Magdalena Blanchan

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Magdalena Blanchan (Joire)

Also Known As: "Madeline", "Magdalena Jorisse", "joire", "Madeline Joire", "Magdelena Brissen Jorisse", "Magdelina Brissen Jorisse", "Magdaline Brissen Jorisse"
Birthplace: Armentières, Nord, Hauts-de-France, France
Death: 1688
Hurley, Ulster, Province of New York
Place of Burial: Kingston, Ulster County, New York, United States
Immediate Family:

Daughter of Pierre Pierre Joire and Jacoba Joire
Wife of Matthew Blanchan
Mother of Elizabeth Louw; Catherine Matthyse DuBois; Anna Blanchan; Maximillian Blanchan; Marie Blanchan and 1 other
Sister of Maria Jorisse; Petrus Joire; Margareta Joire; Joanna Jorisse and Johannes Joire

Married: 15 Oct 1633 Armentieres, France
Managed by: Ian Thomas Gillespie
Last Updated:

About Magdalena Blanchan

She has also been referred to as Madeline Brissen Jorisse. 1730

"Magdalena, bap., 27 Oct. 1611, godparents: Bartholomeus Le Blanc, Magdalena Gruson (#3001). [in Roman Catholic Church of Armentieres (FJL 1,122,756). 1747

"Reference to his [Matthew's] wife Magdalena Joire is confined to one paragraph on the first page [of the pamphlet 'Matthew Blanchan in Europe and America']. 'Some time before 1635, he [Matthew Blanchan] moved to Armentieres, very near the Belgian border, and married Magdeleine Jorisse or Joire. The recent translation of the Mannheim records [French Congregation at Mannheim] make us wonder if this was a patronymic. In one place her name is given as 'Madeleine sere' and we wonder if her father's name could be Joris Serge. Did his family perhaps have something to do with the development of that twilled fabric so important to the textile industry around Lille? This is sheer speculation. Although the name of Matthew Blanchan's wife is consistently given in documents as 'Magdalena Joire,' including its several variations, once she is listed as 'Madelaine Serge', as referenced above. On 15 July 1654 in the Registers of the French Congregation at Mannheim, 1651-1710, 'Madelaine Serge, wife of Mathieu Blanchon' appears as one of the godmothers at the baptism of Marguerite, daughter of Hugue Malbrancq and Marguerite Desobrye (extract from the register, courtesy of Ruth P. Heidgerd)." 1747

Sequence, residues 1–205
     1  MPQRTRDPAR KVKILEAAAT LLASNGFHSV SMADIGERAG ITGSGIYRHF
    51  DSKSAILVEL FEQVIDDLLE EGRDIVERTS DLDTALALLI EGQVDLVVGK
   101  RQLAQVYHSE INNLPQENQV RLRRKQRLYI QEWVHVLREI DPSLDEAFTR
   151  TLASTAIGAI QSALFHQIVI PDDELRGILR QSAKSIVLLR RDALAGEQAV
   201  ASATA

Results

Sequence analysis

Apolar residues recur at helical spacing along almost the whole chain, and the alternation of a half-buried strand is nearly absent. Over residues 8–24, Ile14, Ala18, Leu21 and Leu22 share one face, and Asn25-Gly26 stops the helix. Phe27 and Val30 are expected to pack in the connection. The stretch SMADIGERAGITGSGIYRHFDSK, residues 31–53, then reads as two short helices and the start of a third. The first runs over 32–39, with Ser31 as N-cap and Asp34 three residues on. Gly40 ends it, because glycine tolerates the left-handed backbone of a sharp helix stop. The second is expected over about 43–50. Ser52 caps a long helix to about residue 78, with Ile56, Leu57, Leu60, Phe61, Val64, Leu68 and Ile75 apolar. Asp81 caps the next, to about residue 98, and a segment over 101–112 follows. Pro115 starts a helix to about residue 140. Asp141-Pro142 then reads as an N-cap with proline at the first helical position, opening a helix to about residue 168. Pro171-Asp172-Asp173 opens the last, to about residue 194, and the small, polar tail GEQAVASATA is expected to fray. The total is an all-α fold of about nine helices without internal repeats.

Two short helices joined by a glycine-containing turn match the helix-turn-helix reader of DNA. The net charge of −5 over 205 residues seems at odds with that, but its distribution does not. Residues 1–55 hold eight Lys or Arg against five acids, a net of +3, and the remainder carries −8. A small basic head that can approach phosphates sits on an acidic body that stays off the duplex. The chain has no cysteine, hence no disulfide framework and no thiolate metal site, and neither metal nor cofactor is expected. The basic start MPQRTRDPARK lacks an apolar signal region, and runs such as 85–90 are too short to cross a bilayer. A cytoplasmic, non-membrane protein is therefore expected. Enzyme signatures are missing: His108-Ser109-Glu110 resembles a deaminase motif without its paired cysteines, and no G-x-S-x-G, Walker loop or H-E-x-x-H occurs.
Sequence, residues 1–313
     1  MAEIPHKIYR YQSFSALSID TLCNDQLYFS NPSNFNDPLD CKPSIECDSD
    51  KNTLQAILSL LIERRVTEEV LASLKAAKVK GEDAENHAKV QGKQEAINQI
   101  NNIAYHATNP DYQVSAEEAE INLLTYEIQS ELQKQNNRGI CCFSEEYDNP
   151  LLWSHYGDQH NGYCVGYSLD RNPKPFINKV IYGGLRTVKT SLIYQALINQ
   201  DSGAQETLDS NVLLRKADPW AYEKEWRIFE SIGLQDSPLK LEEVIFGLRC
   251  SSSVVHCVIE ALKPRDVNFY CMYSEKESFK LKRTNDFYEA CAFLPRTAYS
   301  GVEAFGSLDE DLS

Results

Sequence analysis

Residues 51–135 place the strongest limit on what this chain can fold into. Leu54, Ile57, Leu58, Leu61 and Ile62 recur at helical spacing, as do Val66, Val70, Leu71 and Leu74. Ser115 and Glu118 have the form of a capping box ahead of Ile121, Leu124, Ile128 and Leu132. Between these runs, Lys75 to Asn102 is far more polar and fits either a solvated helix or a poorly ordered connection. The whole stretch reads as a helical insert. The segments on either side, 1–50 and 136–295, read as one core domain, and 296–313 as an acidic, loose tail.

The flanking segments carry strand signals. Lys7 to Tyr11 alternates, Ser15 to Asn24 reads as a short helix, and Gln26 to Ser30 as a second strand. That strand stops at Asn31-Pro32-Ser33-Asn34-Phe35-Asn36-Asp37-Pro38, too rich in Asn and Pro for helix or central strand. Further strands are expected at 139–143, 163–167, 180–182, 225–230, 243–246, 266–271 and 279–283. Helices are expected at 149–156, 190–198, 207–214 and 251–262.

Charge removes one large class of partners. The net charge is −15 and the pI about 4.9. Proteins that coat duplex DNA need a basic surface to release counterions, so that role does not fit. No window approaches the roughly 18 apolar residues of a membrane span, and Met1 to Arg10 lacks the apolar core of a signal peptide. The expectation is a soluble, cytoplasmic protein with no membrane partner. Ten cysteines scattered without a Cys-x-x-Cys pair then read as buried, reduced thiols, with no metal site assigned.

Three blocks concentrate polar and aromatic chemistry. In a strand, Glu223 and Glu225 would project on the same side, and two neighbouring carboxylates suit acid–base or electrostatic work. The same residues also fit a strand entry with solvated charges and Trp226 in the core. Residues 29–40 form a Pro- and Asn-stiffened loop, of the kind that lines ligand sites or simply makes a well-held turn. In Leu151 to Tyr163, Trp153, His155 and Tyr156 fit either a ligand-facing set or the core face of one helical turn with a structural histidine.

"The premise that 'Joire' was the father's given name and 'Serge' the surname, appears logical. However, a study of the Roman Catholic Church Registers of Armentieres, Departement du Nord, France (formerly french Flanders) does no prove it correct. In fact Magdalena Joire was the daughter of Petrus Joire and Jacoba Le Blan or Le Blanc, and was baptized 27 October 1611, godparents Bartholomeus Le Blanc and Magdelena Gruson (Baptisms Roman Catholic Church of Armentieres, France, 1590-1621, transcribed and indexed, #3001, FHL 1,122, 756). [Most of the first names used in this article are Latin forms found in the church registers. 'Petrus' (usually recorded in the genitive, 'Petri') was probably 'Pierre' in everyday life] Petrus Joire was born circa 1575, his wife Jacoba Le Blanc was born circa 1579, and they were married circa 1600, all dates estimated from the birth of their first child in 1601. Armentieres baptisms do not begin until 1590 and marriages until 1632, therefore, nothing further was found their concerning Magdelena's parents." 1747